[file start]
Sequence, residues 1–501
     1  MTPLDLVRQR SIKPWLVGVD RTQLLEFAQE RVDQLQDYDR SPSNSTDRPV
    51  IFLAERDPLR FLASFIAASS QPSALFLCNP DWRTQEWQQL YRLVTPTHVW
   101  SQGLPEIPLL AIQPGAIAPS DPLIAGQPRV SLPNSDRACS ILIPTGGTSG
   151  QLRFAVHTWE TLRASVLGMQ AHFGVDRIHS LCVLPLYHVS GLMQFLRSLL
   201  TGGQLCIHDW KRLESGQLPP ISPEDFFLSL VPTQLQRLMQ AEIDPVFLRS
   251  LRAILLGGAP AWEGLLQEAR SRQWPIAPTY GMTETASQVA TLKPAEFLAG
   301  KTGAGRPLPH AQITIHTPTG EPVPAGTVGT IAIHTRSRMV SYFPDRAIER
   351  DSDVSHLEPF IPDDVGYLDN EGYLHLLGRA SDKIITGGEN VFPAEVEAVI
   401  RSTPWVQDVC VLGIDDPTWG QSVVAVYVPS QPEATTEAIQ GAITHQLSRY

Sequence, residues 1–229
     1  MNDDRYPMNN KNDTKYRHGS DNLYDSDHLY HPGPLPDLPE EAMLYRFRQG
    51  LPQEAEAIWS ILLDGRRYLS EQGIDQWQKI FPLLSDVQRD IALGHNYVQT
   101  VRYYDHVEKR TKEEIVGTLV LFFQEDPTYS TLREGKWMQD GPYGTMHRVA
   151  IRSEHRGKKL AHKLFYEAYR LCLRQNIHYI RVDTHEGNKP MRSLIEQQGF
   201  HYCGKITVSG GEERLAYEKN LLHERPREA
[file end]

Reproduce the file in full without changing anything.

Sequence, residues 1–501
     1  MTPLDLVRQR SIKPWLVGVD RTQLLEFAQE RVDQLQDYDR SPSNSTDRPV
    51  IFLAERDPLR FLASFIAASS QPSALFLCNP DWRTQEWQQL YRLVTPTHVW
   101  SQGLPEIPLL AIQPGAIAPS DPLIAGQPRV SLPNSDRACS ILIPTGGTSG
   151  QLRFAVHTWE TLRASVLGMQ AHFGVDRIHS LCVLPLYHVS GLMQFLRSLL
   201  TGGQLCIHDW KRLESGQLPP ISPEDFFLSL VPTQLQRLMQ AEIDPVFLRS
   251  LRAILLGGAP AWEGLLQEAR SRQWPIAPTY GMTETASQVA TLKPAEFLAG
   301  KTGAGRPLPH AQITIHTPTG EPVPAGTVGT IAIHTRSRMV SYFPDRAIER
   351  DSDVSHLEPF IPDDVGYLDN EGYLHLLGRA SDKIITGGEN VFPAEVEAVI
   401  RSTPWVQDVC VLGIDDPTWG QSVVAVYVPS QPEATTEAIQ GAITHQLSRY

Sequence, residues 1–229
     1  MNDDRYPMNN KNDTKYRHGS DNLYDSDHLY HPGPLPDLPE EAMLYRFRQG
    51  LPQEAEAIWS ILLDGRRYLS EQGIDQWQKI FPLLSDVQRD IALGHNYVQT
   101  VRYYDHVEKR TKEEIVGTLV LFFQEDPTYS TLREGKWMQD GPYGTMHRVA
   151  IRSEHRGKKL AHKLFYEAYR LCLRQNIHYI RVDTHEGNKP MRSLIEQQGF
   201  HYCGKITVSG GEERLAYEKN LLHERPREA